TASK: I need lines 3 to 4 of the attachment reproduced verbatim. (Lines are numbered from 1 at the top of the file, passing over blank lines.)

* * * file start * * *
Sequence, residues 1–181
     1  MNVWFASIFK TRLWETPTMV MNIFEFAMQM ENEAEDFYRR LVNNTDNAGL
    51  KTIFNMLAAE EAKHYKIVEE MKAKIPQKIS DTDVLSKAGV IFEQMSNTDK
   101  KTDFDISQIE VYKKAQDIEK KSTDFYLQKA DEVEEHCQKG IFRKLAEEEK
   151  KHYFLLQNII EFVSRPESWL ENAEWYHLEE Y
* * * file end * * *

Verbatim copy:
    51  KTIFNMLAAE EAKHYKIVEE MKAKIPQKIS DTDVLSKAGV IFEQMSNTDK
   101  KTDFDISQIE VYKKAQDIEK KSTDFYLQKA DEVEEHCQKG IFRKLAEEEK